Girl scouts not so un-cool

By Abigail Keefe
April 1, 2004

Lauren Joseph

In elementary school, or what some call junior high, being a Girl Scout was most definitely the most ‘un-cool’ thing to do. Guess what? I decided to do it anyway. Making that choice was one of the best decisions I have ever made.

My mom had tried to get me involved in scouts for years but no one had room for just one more person. In fifth grade I finally joined a troop that met just down the street from my house. I don’t remember going on any trips, just sitting in the troop leader’s basement doing crafts. Being a part of that troop lasted just one year, possibly in part that it was the time to become an official part of junior high and no one wanted to be a part of it anymore.

Luckily there was a troop in the next town that was welcoming new members. I remember being absolutely terrified because there were not only new people, but new people from a different town.

Continuing on into that troop, I never had an idea of what was soon to come. Being a scout through the end of junior high and high school was the greatest, even though everyone else didn’t think it was. That was until they found out all of the opportunities I had. Being a Girl Scout allowed me to travel to Michigan in eighth grade, to Ohio when I was a freshman and to Maine the next summer to spend 10-days living on a sailboat. I made anywhere from 12-50 friends on each trip and got to spend close to two weeks away from my parents.

I don’t know many other eighth graders who were able to get on a plane, alone, and have the opportunities I did. Who wouldn’t have a fun time standing in a cold room in the middle of an incredibly hot summer… while playing with penguins?

I spent eight years camping (yes, with no hair dryers or any other girl-essentials), skiing and snowboarding, filling Oreos with toothpaste and flipping tables during all-out wars, eating (some of the best food anyone could have), whitewater rafting, selling cookies (while eating more than my fair share) and expanding my knowledge while filling my vest with patches with cheerleaders, sports stars, honor students, those who needed life-saving words, some from troubled families and all of them being the greatest friends anyone could ask for.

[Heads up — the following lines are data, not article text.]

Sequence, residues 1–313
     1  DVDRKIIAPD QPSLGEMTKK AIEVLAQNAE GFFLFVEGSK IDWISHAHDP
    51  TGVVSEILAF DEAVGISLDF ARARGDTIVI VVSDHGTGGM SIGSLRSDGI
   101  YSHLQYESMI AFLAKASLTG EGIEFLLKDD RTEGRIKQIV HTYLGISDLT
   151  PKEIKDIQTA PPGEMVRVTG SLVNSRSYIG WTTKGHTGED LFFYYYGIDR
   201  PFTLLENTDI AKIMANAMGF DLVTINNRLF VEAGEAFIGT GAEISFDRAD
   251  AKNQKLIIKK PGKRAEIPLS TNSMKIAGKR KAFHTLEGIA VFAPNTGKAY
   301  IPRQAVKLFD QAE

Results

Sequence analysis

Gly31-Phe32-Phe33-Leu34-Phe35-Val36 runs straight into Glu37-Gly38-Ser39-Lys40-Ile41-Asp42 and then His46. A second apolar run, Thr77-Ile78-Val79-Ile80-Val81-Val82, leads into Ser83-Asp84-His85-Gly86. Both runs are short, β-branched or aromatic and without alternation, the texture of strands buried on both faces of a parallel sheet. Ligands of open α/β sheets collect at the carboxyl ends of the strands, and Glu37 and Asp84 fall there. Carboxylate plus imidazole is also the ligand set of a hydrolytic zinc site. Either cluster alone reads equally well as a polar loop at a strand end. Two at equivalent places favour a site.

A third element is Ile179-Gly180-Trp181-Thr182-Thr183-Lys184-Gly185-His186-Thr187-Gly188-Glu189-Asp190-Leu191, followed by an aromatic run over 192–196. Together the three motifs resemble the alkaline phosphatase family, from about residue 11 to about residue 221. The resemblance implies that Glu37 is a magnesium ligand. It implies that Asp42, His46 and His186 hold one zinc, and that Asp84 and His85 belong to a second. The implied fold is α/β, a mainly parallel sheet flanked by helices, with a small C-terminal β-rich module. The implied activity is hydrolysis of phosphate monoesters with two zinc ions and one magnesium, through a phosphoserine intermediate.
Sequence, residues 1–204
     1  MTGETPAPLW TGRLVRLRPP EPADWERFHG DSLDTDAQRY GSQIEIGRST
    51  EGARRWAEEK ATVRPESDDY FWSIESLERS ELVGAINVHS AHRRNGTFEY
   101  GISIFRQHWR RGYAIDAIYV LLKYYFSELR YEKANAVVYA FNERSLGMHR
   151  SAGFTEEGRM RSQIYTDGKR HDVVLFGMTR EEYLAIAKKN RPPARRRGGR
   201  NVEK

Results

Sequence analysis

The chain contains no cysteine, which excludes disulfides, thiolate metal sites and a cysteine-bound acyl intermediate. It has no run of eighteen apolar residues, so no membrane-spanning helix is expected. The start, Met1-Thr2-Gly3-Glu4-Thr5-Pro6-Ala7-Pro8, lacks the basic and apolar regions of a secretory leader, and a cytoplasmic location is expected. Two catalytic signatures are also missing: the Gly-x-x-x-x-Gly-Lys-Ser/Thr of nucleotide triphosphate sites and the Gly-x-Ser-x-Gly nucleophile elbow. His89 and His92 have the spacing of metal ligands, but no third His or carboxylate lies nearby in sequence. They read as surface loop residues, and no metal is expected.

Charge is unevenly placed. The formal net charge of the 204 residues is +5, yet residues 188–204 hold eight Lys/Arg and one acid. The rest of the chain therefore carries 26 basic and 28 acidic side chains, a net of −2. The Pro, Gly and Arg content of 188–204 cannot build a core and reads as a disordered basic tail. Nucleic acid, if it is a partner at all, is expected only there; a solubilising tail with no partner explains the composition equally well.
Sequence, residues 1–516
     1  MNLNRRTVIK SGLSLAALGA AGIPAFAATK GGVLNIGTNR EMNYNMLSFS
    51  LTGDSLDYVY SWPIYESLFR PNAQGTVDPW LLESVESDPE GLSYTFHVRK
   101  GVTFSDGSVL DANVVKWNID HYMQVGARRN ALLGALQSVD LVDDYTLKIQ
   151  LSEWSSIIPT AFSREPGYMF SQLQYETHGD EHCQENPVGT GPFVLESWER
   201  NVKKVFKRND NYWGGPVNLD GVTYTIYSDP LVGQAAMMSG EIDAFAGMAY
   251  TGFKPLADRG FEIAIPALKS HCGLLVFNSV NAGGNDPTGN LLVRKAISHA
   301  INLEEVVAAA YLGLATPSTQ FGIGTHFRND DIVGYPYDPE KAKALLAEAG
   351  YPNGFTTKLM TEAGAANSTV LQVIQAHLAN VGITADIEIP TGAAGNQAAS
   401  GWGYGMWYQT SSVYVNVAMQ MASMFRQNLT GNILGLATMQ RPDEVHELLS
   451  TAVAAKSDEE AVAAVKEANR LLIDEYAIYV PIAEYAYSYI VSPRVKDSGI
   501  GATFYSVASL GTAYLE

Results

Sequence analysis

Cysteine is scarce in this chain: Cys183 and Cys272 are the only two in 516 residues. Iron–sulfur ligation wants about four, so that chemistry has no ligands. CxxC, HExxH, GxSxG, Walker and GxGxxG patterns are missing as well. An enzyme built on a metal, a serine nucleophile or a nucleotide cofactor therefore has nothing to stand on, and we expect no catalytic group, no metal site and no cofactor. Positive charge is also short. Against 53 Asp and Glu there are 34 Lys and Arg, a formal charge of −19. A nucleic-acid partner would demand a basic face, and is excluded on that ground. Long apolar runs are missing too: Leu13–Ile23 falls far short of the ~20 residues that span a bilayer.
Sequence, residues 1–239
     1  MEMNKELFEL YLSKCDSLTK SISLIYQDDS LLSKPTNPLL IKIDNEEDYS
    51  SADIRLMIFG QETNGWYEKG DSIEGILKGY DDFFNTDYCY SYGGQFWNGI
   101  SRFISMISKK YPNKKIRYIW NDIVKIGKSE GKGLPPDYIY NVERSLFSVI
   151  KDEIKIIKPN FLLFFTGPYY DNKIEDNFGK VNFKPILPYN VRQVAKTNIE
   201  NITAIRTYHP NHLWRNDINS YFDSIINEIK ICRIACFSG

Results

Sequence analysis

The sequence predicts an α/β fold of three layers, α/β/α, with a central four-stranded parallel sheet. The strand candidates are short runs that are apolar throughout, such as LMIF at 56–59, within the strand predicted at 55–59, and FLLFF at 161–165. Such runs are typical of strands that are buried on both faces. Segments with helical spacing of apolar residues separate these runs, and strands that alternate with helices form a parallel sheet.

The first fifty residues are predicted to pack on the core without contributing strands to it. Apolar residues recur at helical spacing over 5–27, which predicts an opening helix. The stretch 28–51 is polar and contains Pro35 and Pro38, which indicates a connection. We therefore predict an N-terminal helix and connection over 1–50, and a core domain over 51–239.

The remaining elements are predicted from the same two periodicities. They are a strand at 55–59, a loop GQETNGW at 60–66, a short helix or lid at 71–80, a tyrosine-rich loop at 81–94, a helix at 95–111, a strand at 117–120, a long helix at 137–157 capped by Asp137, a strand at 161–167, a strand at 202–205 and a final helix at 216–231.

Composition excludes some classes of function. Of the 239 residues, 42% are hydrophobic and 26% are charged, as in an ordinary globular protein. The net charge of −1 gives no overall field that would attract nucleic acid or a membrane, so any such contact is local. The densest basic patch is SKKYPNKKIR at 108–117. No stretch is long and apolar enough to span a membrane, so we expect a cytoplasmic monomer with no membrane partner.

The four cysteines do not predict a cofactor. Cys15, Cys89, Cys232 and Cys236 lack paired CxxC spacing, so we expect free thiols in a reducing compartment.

Not only did I make memories to last a lifetime but learned more about my community and most importantly, myself. I had the opportunity to travel, to be an assistant leader of a Daisy, then Brownie troop, to reach out to people in my community who were often forgotten about, to earn one the most prestigious awards-the Girl Scout Gold Award, to join an Explorer Crew that traveled to Philmont, New Mexico to hike 72 miles in 10 days throughout one of America’s most beautiful landscapes (and to be going again for the second time this summer), to have amazing job opportunities, to have tons of younger girls looking up to me and to make the two most amazing friends anyone could ever ask for.

So, if you still think that being a Girl Scout means being a dork- go ahead… since that will be assuming that Venus Williams, track star “Flo-Jo,” Katie Couric, Bonnie Blair and hundreds of other famous faces are dorks too. I never let it bother me back in eighth grade and there isn’t a chance it will now. Girl Scouts has given me the real, real world knowledge no school could ever completely achieve. I know that I have fulfilled the Girl Scout motto to “be prepared,” because I most definitely feel prepared for what is to come. And I am fairly confident that I too, will be one of many angels in green.

Posted to the web by Lauren Joseph

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Abigail Keefe

Abigail Keefe is a Cabrini College student studying communications, enjoying her time in Radnor, Pennsylvania. Abbie loves working for the school newspaper, the Loquitur, and is also passionate about everything that the communication field has to offer.

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